Kyle’s brother Justin (Josh Wiggins), who makes money selling illegally copied video games, their mother Pamela (Lauren Graham) and their father Ray (Thomas Haden Church) are informed of his death. After Kyle’s body is brought home for burial, the other Marines notice that Max is only calm when he is around Justin, apparently sensing that he is Kyle’s brother. The family adopts the dog, who would otherwise be euthanized for his disturbed behavior. Justin initially wants little to do with Max but eventually warms up to him. While meeting up with his friend Chuy (Dejon LaQuake), Justin meets Chuy’s cousin Carmen (Mia Xitlali), who offers to go to his house and show him some handling tricks for Max. Little by little, Max’s behavior improves around other people.

Tyler visits the Wincott’s one evening, provoking an aggressive response by Max. Later, after the Fourth of July, Ray asks Tyler what really happened. Tyler implies that Max turned on Kyle and caused him to discharge his weapon on himself, leading to his death. Justin decides to investigate the matter. Calling on one of Kyle’s old friends, Sergeant Reyes, for help, he is given a DVD of Kyle training Max that moves him to tears.

The full details of the plot can be read on that WikiPedia page.

There is also a movie trailer on YouTube; presented here for you.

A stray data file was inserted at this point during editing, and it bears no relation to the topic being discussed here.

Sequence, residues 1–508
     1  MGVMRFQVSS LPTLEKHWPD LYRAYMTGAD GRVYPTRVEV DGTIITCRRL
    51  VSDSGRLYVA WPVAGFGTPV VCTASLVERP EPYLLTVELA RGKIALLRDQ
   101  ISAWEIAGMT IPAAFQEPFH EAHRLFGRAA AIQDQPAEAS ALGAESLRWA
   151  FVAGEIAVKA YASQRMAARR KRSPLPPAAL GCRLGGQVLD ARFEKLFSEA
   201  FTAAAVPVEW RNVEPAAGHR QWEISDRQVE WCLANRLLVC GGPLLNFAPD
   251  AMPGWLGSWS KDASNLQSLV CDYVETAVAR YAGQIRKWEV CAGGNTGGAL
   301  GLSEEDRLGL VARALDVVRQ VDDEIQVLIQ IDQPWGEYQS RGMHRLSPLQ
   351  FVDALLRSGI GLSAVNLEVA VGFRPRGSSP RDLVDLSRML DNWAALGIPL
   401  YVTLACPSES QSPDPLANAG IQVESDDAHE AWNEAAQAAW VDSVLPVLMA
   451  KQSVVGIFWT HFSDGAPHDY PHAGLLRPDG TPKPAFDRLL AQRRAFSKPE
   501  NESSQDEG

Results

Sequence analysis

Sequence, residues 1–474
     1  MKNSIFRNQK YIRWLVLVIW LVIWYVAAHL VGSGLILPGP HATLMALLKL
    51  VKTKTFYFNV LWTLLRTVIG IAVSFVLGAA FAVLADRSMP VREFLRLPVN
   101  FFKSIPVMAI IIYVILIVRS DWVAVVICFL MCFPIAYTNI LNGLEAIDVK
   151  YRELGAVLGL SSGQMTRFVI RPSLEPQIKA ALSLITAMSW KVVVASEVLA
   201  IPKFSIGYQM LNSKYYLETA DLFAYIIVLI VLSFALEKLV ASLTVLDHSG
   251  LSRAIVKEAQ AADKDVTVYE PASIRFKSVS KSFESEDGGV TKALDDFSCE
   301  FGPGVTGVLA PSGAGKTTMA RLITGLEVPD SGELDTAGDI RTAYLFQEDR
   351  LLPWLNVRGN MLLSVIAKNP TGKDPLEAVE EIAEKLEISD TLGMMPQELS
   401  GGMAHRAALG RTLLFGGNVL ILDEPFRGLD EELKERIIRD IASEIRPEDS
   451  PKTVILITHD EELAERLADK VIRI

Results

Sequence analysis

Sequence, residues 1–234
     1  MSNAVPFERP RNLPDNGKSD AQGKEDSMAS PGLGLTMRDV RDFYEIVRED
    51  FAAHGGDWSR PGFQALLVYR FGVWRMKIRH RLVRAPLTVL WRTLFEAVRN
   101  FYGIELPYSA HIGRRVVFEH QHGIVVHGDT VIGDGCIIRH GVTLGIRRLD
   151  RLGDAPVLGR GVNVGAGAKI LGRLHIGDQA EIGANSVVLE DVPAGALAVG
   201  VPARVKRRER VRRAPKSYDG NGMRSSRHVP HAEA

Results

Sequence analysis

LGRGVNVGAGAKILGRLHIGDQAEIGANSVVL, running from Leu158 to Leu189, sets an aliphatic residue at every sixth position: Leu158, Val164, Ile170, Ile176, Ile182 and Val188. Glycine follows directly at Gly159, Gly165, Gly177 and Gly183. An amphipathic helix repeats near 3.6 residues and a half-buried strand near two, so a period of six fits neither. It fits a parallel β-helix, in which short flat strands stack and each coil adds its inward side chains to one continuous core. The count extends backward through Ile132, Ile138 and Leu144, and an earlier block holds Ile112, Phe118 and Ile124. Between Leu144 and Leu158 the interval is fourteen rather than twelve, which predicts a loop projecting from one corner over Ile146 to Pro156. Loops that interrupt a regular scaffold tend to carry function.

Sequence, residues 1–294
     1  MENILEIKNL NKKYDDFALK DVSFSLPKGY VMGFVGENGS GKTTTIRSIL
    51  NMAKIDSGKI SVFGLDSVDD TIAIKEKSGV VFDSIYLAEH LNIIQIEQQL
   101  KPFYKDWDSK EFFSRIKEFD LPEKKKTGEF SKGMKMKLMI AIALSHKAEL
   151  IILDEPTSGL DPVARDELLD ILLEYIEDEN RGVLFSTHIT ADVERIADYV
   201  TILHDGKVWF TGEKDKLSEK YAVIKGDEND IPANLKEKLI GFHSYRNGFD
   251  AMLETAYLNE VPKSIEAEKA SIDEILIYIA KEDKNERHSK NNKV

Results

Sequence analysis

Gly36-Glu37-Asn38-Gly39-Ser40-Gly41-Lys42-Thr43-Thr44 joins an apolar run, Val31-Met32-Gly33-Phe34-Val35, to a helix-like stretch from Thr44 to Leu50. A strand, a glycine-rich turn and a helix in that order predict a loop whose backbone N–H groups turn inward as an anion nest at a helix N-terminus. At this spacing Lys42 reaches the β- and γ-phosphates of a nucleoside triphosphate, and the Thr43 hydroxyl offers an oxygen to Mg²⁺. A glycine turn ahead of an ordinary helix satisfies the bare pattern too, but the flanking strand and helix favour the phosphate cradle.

Whatever one thinks about this specific film, or films like this in general, that doesn’t alter the fact that all of us who live with dogs understand the capacity of dogs to offer unconditional love to us.

Something to Make your Day!

Another gem sent to me by dear friend, Bob D.

While the C-5 was turning over its engines, a female crewman gave the G.I.s on board the usual information regarding seat belts, emergency exits, etc.

Finally, she said, ‘Now sit back and enjoy your trip while your captain, Judith Campbell, and crew take you safely to Afghanistan

An old Master Sergeant sitting in the eighth row thought to himself, ‘Did I hear her right? Is the captain a woman? ‘

When the attendant came by he said ‘Did I understand you right? Is the captain a woman?

‘Yes,’! said the attendant, ‘In fact, this entire crew is female.’

My God,’ he said, ‘I wish I had two double scotch and sodas. I don’t know what to think with only women up there in the cockpit.’

That’s another thing, Sergeant,’ said the crew member, ‘We No Longer Call It The Cockpit

It’s The Box Office.’


Quote for today: